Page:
Series of scams could hurt Modi’s election prospects
Modi, who despite being in power for almost four years tends to blame everything on India's first PM Jawaharlal Nehru, has now blamed the scam on his predecessor
BY: Aditya Sinha
India is seized with another banking scam. At the centre is Punjab National Bank (PNB), a nationalised bank. The culprit is diamond jeweller (or, as he prefers, “diamantaire”) Nirav Modi. The amount involved is Rs114 billion (approx $1.8 billion). PNB has localised the blame to a two low-level officials, who allowed diamantaire Modi over several years to freely use the restricted SWIFT code, meant for international inter-bank transactions. Despite red flags over foreign exchange violations since 2015, the PNB hierarchy did nothing. What emerges now is that unlike private sector banks in India, most public sector banks have avoided the hassle of adopting modern banking software technology to install checks and balances against fraud and deception. Ironically, PNB has been awarded by the vigilance authorities in the banking system even while this scam festered.
The deception began in 2011, but snowballed with momentum in 2015. While Prime Minister Narendra Modi likes to say the scam began during his predecessor Manmohan Singh’s time, the fact of the matter is that Nirav Modi has never been photographed with Manmohan Singh, either in a group or singly, as happened at the World Economic Summit in Davos, Switzerland, recently. This has given rise to many social media memes, including one parodying the Bollywood farce Bade Miyan, Chhote Miyan as Bade Modi, Chhote Modi (Senior Modi, Junior Modi). The government is so rattled that the information and broadcasting minister had to publicly warn anyone using the hashtag #ChhotaModi would be liable for defamation (the threat remains unfulfilled, as the government possibly realises it would be counterproductive). Another popular meme refers to current economic crimes as “modis operandi”.
With diamantaire Modi having escaped India with his family – he apparently pulled his kids out of school, mid-session, something any Indian would religiously avoid – the suspicion is that the government tipped him off to the impending raids. With another Modi having absconded earlier, cricket businessman Lalit Modi, who then proceeded to maintain contact with External Affairs Minister Sushma Swaraj and Rajasthan Chief Minister Vasundhara Raje Scindia, and with the flight of BJP-supported Rajya Sabha parliamentarian and beer-king Vijay Mallya, memes openly call this government as crony-capitalist as its predecessor. This week, Vipul Ambani, a cousin of Mukesh and Anil, was arrested in Nirav’s case – only furthering the impression that PM Modi’s suit-boot ki sarkar, as Congress President Rahul Gandhi put it back in 2014, governs in favour of a few Indians, who also happen to be from his home state Gujarat.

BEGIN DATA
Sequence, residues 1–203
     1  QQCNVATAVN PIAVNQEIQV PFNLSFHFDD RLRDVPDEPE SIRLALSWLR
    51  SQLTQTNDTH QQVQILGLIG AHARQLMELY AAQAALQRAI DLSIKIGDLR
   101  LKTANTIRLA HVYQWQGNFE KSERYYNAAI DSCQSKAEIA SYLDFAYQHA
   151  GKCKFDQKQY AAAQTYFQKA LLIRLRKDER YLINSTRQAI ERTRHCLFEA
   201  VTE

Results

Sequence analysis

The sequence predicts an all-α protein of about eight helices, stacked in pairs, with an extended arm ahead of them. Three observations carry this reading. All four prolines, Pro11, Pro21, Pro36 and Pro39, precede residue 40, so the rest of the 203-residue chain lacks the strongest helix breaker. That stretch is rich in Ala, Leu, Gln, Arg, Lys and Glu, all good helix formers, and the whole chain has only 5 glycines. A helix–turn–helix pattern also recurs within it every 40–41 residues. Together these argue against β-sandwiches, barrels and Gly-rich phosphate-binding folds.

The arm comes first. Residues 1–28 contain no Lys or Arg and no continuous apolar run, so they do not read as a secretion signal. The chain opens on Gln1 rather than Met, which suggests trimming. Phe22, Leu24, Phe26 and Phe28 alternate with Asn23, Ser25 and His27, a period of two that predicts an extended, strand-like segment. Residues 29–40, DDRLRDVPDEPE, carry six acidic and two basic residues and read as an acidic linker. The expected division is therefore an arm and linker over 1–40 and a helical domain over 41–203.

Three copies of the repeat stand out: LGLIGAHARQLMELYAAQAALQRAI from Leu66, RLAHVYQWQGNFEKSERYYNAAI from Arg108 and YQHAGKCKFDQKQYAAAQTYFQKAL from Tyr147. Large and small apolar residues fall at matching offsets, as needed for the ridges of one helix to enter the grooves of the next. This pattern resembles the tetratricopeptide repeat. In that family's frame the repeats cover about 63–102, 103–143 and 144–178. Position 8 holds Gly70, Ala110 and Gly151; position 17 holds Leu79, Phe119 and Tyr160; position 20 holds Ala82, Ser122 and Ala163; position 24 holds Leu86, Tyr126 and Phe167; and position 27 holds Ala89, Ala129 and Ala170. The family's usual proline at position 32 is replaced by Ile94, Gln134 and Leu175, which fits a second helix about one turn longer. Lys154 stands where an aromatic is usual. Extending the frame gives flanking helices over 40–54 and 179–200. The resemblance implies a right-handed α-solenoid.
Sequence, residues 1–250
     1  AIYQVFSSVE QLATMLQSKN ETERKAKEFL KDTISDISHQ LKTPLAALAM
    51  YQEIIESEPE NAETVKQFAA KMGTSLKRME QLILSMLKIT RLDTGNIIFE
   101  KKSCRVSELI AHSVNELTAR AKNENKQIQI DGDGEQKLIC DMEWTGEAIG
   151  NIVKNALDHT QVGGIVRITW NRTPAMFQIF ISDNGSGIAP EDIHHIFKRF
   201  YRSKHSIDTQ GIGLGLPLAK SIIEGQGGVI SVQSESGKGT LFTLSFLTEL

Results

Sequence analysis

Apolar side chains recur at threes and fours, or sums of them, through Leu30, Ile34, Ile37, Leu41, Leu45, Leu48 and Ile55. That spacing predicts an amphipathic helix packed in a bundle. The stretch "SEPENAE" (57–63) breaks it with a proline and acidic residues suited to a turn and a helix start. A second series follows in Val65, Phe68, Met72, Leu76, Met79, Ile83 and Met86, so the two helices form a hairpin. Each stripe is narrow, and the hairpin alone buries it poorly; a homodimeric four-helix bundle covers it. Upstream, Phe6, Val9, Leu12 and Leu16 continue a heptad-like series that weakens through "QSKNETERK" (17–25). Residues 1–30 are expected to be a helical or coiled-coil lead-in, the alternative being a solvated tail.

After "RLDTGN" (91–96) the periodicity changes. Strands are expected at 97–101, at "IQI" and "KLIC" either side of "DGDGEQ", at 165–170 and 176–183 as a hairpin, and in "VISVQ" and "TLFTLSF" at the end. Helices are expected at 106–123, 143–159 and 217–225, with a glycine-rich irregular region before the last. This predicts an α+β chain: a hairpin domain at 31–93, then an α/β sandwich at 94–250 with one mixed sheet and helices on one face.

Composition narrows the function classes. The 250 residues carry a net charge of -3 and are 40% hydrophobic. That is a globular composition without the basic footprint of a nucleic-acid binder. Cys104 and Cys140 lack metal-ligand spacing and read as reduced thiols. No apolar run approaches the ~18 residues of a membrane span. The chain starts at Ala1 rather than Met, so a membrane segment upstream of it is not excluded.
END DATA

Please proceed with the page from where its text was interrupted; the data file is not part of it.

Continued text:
Adding to PM Modi’s woes is an investigation into how diamantaire Modi laundered Rs 900 million of his “important” clients’ cash on November 8, 2016, hours before PM Modi announced the demonetisation of high-value currency. The former Reserve Bank of India (RBI) Governor, Raghuram Rajan, who advised against demonetisation and was for his troubles not offered the usual extension of term, had red-flagged the banking scam back in 2015, and had asked the PM’s office to investigate it. This is on the record.
PM Modi, who despite being in power now for almost four years tends to blame everything on India’s first prime minister Jawaharlal Nehru, has blamed the banking scam on his predecessor (who, had he been as abrasive, would have blamed the telecom scam on his predecessor AB Vajpayee, etc). It is much like US President Donald Trump blaming his predecessor Barack Obama for the Russian hacking and manipulation of the US 2016 elections. Let us accept that to be true; shouldn’t Trump, in the 400 days he’s been in power, pursued the Russians with a vengeance? Instead he spends his time on Twitter whining about the Special Prosecutor’s investigation into this very matter. It is ironic how the very men who come to power proclaiming to be tough and strong, etc, engage in whinging and finger-pointing instead of taking tough action.
This scam comes at a time when clearly the mood of the nation has changed. Yes, PM Modi still has tremendous support among the megapolis middle-class, but it is eroding rapidly. Soon only finance, high-tech and NRIs will remain as his support. India’s newspapers are reporting the scam with gusto, though some are the very newspapers who refused to publish the same scam when approached by whistle-blower Hari Kumar in 2016. Some of it appears motivated by people within PM Modi’s own cabinet, who smell an opening.
In the next parliamentary elections, the BJP expects to suffer losses due to the ongoing rural distress. The thinking is, if the BJP gets around 200 seats (needing a majority of 272), the allies will dump PM Modi because of his cavalier treatment and look for a more amiable candidate.
This means two things. A frequent eruption of scams till the elections is likely. For instance, in Mumbai there is talk about the corruption of a young and “powerful” minister who is regarded as a “fast-track” governance wunderkind. Two, expect the next elections to be held this November (clubbed with four state assembly elections), as PM Modi attempts damage control. Truly, as the saying goes, the worm has turned.
- Aditya Sinha is an author and senior journalist based in India. Source: www.khaleejtimes.com